Combined effects of freeze-thaw and sustained loads on reinforced concrete beams strengthened with FRPs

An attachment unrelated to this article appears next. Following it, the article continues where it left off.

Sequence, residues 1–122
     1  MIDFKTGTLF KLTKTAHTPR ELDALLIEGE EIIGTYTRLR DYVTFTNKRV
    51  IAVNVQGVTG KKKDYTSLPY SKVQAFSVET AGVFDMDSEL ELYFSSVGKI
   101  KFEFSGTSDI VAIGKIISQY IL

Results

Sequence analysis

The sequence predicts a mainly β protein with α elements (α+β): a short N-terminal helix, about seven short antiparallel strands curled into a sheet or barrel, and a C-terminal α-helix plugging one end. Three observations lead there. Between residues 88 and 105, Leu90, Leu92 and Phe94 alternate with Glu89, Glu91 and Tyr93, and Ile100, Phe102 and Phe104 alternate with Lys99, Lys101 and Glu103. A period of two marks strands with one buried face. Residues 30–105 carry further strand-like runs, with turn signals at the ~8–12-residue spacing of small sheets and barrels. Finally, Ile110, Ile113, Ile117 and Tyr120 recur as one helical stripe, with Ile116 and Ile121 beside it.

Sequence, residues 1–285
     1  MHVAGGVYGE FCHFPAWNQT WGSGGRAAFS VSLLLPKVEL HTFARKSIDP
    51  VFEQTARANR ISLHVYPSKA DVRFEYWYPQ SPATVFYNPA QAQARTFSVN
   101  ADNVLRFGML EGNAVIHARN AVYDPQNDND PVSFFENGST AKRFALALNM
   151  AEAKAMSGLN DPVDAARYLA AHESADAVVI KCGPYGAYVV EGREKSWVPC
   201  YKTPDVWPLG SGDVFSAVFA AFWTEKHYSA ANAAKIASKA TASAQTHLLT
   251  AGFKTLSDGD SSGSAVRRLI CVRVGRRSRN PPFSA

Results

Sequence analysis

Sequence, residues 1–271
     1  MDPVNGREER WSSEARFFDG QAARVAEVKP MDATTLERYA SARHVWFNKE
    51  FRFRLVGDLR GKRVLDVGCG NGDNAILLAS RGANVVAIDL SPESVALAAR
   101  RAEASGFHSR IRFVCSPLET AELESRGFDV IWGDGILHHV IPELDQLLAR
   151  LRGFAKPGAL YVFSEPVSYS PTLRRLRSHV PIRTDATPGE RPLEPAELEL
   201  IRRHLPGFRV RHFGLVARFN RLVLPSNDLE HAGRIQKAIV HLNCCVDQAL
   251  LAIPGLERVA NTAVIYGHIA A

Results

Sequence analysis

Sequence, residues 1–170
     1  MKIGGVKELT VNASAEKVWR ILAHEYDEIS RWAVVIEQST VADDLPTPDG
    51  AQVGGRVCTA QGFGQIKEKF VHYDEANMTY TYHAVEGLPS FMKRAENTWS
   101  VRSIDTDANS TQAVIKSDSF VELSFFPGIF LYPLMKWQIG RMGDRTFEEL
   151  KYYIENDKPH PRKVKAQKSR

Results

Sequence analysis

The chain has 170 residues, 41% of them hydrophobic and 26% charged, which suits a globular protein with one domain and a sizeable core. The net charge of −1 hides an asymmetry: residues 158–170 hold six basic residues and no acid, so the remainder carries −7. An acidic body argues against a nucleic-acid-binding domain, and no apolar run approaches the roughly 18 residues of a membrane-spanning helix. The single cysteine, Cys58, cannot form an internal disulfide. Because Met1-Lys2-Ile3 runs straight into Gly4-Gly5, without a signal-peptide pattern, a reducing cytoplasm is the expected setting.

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Fibre reinforced polymer (FRP) materials have emerged as an innovative tool within the civil engineering community for the strengthening and rehabilitation of existing reinforced concrete structures. Research has taken place over the past decade that has demonstrated the benefits of FRPs, and it is evident that there is a need for their usage given the status of the deteriorated North American civil infrastructure. However, in order to increase confidence in the application of these materials in Canada, further information is required to fully understand their behaviour in cold climates. This thesis expands on the previous research that has taken place at Queen’s University, investigating the freeze-thaw behaviour of FRP strengthened reinforced concrete. The research program herein studies the combined effects of freeze-thaw cycling and sustained loading on the flexural performance of 45 small-scale beams strengthened with glass FRP sheets, carbon FRP sheets, or carbon FRP plates. In an attempt to attain failure of the beams due to FRP rupture, the anchorage of the beams was increased and a theoretical model was produced to select the beam design for this failure mode. The model also predicted the performance of the strengthened beams in order to determine appropriate sustained loading levels. After being subjected to 300 freeze-thaw cycles and almost 3 months of sustained loads, the beams were tested to failure. It was found that the beams subjected to combined loads encountered virtually no losses in average ultimate strength. However, the greater inconsistency of the results for these beams relative to the control beams implies that lower guaranteed strengths should be used for design in situations where these conditions are present.